William Henry Roll

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They shall grow not old, as we that are left grow old: Age shall not weary them, nor the years condemn. At the going down of the sun and in the morning, We will remember them. --Laurence Binyon,"Ode of Remembrance"

I have gathered a posie of other men's flowers, and nothing but the string that binds them is mine own. --Michel Eyquem de Montaigne

Documenting your family history is a lifelong pursuit, a task of pleasure and research that is never completely finished.

Not to know one's ancestors, is to be a tree without roots, a stream without a source. --Kung-fut-se

The wind whispers through the trees, recalling words and dreams and memories of those who left us long ago. --Unknown

St. Basil of Caesarea, born about 330 A.D., said, "A tree is known by its fruit; a man by his deeds. A good deed is never lost; he who sows courtesy reaps friendship, and he who plants kindness gathers love."


This website was created the old-fashioned way; it has been hand coded.

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Donald Charles Evans
The Amsterdam Artist

Spouse(s): None
Family tree: Donald Charles Evans 1945-1977

Donald Evans

Donald Evans, Amsterdam, 1970s

Amis et Amants,1974
Donald Evans

Donald Evans (1945-1977) was my second cousin. He was three years younger, born in Morristown, New Jersey, in 1945. My family moved to Morristown in 1950, just before we moved to California in 1951. Later, Donald and I both became stamp collectors.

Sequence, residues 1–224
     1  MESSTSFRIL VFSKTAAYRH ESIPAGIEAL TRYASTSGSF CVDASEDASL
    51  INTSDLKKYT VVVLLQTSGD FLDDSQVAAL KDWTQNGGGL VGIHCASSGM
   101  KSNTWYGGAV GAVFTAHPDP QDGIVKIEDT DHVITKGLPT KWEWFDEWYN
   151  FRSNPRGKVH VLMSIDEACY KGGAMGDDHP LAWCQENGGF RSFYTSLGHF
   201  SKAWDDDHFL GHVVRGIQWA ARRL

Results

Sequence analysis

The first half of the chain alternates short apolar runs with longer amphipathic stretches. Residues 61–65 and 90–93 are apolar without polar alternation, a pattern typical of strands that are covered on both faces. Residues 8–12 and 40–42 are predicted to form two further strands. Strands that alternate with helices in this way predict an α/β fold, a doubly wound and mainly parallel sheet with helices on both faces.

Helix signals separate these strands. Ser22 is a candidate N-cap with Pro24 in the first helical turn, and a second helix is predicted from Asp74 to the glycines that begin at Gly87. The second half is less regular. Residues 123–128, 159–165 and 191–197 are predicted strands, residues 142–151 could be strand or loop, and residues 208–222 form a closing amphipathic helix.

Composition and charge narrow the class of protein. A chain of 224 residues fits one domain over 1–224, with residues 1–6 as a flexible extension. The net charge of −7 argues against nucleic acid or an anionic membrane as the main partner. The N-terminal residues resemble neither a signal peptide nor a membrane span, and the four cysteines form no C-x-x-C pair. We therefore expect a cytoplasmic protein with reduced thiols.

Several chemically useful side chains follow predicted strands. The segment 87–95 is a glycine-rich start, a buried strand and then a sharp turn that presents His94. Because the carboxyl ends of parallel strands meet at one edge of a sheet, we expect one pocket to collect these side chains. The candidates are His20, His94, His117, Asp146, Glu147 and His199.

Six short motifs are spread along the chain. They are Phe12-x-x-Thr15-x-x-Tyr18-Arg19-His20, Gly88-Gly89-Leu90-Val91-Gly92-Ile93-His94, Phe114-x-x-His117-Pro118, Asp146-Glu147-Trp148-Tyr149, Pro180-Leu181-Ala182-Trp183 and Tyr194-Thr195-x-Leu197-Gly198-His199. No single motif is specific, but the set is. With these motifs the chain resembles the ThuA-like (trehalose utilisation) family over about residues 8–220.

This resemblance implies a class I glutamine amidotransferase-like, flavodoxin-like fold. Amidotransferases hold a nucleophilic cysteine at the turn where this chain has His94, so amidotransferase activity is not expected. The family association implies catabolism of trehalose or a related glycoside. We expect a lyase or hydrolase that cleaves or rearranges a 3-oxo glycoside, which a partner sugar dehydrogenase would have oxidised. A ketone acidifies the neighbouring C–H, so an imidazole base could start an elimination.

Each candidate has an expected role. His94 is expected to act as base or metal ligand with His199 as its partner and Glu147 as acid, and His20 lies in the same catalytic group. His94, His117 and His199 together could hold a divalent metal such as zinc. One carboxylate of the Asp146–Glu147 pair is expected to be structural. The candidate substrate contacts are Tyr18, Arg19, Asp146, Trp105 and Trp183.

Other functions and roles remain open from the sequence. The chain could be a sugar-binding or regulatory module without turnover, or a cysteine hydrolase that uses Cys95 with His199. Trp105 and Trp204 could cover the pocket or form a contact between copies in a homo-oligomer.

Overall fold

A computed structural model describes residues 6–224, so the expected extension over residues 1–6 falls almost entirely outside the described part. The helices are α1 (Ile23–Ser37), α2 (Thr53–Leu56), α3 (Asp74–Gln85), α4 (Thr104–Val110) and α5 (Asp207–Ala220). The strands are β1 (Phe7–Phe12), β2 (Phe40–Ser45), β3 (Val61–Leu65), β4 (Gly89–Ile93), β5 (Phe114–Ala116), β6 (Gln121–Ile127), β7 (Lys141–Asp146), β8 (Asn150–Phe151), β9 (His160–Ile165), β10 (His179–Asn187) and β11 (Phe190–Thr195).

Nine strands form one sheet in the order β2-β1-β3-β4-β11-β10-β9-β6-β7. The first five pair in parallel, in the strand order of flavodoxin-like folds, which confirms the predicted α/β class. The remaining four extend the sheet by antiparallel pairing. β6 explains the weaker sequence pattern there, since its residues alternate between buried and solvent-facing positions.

A father's frustration with his artist son's chosen career shows in this portion of a letter from Donald's father, Charles F. Evans, to my father, David Hedges Roll, Sr., dated February 27, 1975.

"....Our only child, Donald, is now 29 years old, and is still single. He is a Cornell graduate architect, but prefers to work as a free-lance artist. He has been living in Amsterdam, Holland, for the past three or four years, although he travels quite extensively both in Europe and America.

Tropides Islands

Tropides Islands, Donald Evans

"His specialty is an unusual one, he watercolor paints postage stamps of imaginary countries and sells them mostly at art exhibits to other artists and also stamp collectors. He also does work occasionally for the New York Times, drawing stamps related to certain feature articles. It is difficult for me to see much of a future for him in such a specialty for which there is such a limited market; nevertheless he earns enough to be self-sustaining and is happy in what he is doing.

"Donald will be home in another week or two to attend an opening of an exhibit of his stamps in an art gallery in New York...."

Donald Evans, Windmill, 1975

Donald Evans, Windmills, 1975

He was a brilliant architect, but Donald found no joy in the work. So he did what he enjoyed most. His work is now desired by many.

A tragic fire in the upper floor of the apartment building where he lived in Amsterdam, Holland, in 1977 caused his death.

A photograph of his room shows the simplicity of his life. A bed, table, chair, small rug, and a potted plant. He loved books, but hid most of them in the closet, or kept them at friends' homes.

Eisenhart, Willy. The World of Donald Evans. New York: Harlin Quist, 1980. First ed. 4to., 173 pp., col. illus., Bibliography. 29 cm. ISBN 0-8252-9658-7. A collection of color reproductions of the art stamps of Donald Evans and his biography are presented.

The World of Donald Evans

The World of Donald Evans

By common consent, the art of the drop-out generation is a mess -- and the art of Donald Evans is the antithesis of mess. Nor is it niggling. Nor is it precious. Yet I can't think of another artist who expressed more succinctly and beautifully the best aspirations of those years: the flight from war and the machine; the asceticism; the nomadic restlessness; the yearning for sensual cloud-cuckoo-lands; the retreat from public into private obsessions, from the big and noisy to the small and still.

Source: Chatwin, Bruce. What Am I Doing Here, Viking, 1989, p. 268.

D. Jacob Rabinowitz on Donald Evans.